A GRANDFATHER who struggled to walk following heart problems has completed a charity trek to the hospital where he had a life saving operation, raising over £1,500 for the British Heart Foundation.

Bradford's Graham Royston visited his GP after suffering chest pain whilst cycling to work in 2017. He underwent various tests at hospital before being diagnosed with coronary heart disease.

Scans revealed that four arteries in Graham’s heart were narrowed, so he required quadruple heart bypass surgery at Leeds General Infirmary. He was also fitted with a pacemaker, which treats abnormal heart rhythms.

Following his operation, the now-retired process worker from West Bowling remained in hospital for almost three months. Aged 66 at the time, Graham then had to give up work - and found the road to recovery tough.

“Even getting myself into the shower felt like I had done a workout at the gym,” said Graham, now aged 69.

“I was shocked to find out I had heart problems as I’d been keeping myself fit and healthy – my diet has always been good, I’d been exercising by cycling and walking to work and I’d also given up smoking almost 30 years ago. I was told there could be a family history as my brother died from a heart attack and various other relatives have also been diagnosed with heart problems.

“I found it hard after the operation. I’d lost my sense of taste and smell so any food or drink I tasted was foul and at one point I needed to go on a drip. I’d also get exhausted after short walks around the ward and hospital garden.

“But I received outstanding care by the nurses at Leeds General Infirmary and was slowly able to build my strength back up through cardiac rehabilitation at the hospital.”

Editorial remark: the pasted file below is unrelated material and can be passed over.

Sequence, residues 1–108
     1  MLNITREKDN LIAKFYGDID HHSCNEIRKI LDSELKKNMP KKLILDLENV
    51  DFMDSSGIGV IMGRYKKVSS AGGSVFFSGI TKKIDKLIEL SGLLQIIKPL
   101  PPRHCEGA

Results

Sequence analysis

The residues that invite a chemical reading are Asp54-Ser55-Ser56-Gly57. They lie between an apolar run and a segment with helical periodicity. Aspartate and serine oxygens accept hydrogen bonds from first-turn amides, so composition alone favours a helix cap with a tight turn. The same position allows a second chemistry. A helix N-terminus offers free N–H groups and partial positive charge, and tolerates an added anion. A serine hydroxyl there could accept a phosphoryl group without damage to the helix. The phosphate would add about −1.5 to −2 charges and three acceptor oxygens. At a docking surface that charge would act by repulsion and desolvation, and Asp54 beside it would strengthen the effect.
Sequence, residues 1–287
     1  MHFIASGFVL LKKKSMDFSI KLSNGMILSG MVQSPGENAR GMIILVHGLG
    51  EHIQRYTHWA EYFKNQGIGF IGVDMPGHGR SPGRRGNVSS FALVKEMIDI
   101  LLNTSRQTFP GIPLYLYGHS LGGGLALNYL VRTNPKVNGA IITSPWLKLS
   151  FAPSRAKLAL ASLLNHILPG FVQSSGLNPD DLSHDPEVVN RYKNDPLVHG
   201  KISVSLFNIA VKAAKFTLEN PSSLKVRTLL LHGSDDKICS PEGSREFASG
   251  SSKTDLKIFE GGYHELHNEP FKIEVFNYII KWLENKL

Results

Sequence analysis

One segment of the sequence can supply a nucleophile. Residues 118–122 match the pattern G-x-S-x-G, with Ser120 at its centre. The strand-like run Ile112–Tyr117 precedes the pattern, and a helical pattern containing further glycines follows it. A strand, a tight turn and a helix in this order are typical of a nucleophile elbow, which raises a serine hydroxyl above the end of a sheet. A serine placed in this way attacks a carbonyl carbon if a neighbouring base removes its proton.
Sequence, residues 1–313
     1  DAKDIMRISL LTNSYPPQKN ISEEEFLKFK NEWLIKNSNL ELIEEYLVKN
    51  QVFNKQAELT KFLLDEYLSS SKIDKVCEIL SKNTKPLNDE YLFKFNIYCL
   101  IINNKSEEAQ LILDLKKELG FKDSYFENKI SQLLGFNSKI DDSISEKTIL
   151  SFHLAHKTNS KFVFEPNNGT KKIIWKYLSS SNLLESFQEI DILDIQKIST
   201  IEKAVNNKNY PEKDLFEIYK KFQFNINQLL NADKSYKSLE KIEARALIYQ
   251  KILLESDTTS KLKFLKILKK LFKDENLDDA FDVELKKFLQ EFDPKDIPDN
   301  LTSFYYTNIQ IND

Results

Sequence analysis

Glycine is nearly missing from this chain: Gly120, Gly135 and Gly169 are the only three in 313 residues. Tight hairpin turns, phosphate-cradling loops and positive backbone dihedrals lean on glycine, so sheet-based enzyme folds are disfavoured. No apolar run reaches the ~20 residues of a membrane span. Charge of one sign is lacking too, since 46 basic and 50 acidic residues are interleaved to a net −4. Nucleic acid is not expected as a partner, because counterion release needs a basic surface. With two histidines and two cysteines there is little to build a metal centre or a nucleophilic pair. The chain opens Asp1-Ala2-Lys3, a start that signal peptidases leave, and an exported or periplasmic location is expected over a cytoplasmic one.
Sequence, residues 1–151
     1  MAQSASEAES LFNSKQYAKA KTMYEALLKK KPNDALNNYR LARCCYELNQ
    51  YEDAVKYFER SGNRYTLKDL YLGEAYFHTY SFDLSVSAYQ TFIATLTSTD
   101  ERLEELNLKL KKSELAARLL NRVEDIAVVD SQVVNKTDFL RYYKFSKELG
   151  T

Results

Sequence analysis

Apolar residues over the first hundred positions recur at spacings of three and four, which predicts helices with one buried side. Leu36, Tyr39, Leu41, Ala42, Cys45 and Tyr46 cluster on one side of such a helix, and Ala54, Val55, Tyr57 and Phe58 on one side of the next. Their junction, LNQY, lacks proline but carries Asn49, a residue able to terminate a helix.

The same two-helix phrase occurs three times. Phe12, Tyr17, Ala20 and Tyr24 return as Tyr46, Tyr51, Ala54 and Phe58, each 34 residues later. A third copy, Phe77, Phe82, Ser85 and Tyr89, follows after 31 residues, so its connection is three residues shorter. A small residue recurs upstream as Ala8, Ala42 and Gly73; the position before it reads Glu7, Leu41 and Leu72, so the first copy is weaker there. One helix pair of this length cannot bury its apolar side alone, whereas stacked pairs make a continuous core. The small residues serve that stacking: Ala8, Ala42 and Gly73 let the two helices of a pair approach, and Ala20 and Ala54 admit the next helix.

After being discharged from hospital, Graham – a dad of five and grandfather of 14 - continued cardiac rehabilitation and slowly built up his walking distance.

At first, he set himself the challenge of walking to the end of his street, and gradually increased the distance over the years so he could walk a quarter of a mile to his local corner shop to buy a newspaper.

Thankful for the care he had received, Graham set himself the challenge of walking to Leeds General Infirmary and back. He decided to raise the money for the BHF as had received information and advice from the charity during his recovery.

Whilst training for the walk, Graham received support from neighbour Kiki King.

Kiki, aged 51, said: “Graham had a long road to recovery, but was really committed to achieving his goal.

“I set out a 12-week training programme where we would go out for walks together and would slowly increase the distance at Graham’s own pace. We started going further and even managed to walk into town. He got to grips with it really well and from there, there was no stopping him.”

Soon enough, Graham was able to walk a far enough distance and – joined by his son Andrew, nephews Mark, Marc and Steven, Kiki and her husband Joe and friends Tracy and Dave Chatterton – he managed to complete the 20-mile route there and back on 18 July.

The walk was also held in memory of friend Nigel Hanson.

So far, Graham has raised over £1,500, which will help the BHF to continue to fund vital research into all heart and circulatory diseases, including heart disease, stroke, vascular dementia and their risk factors, such as high blood pressure and diabetes.

“It was great to complete the walk, although it was quite tiring,” said Graham, who has been married to wife Janet for 44 years.

“After arriving at the hospital, I handed over a gift for the nurses to show my gratitude for the care they had given me. When we arrived back home, Kiki had also arranged an outdoor party with food and drink so we could all toast our success.

“It’s amazing that the money I’ve raised will help the BHF fund its vital research into heart and circulatory diseases.”

In Bradford alone, there are an estimated 58,400 people living with a heart or circulatory disease. These conditions claim around 1,200 lives in the city each year.

Due to the impact of the Covid-19 pandemic, the BHF’s investment in new research into preventions, cures and treatments for these conditions could drop by half this year.

Jodie Shepherd, Area Fundraising Manager at the BHF, said: “We’re so grateful to Graham, along with his friends and family, for taking on this ambitious challenge to raise money for the BHF.

“Our life saving research is fuelled by the generous donations of the public, but the devastating impact of the Covid-19 pandemic means that our investment in new research could fall by £50 million this year.

“That’s why we need the support of the public to back the BHF now, more than ever.”

To donate to Graham’s fundraiser, visit www.justgiving.com/fundraising/christine-king9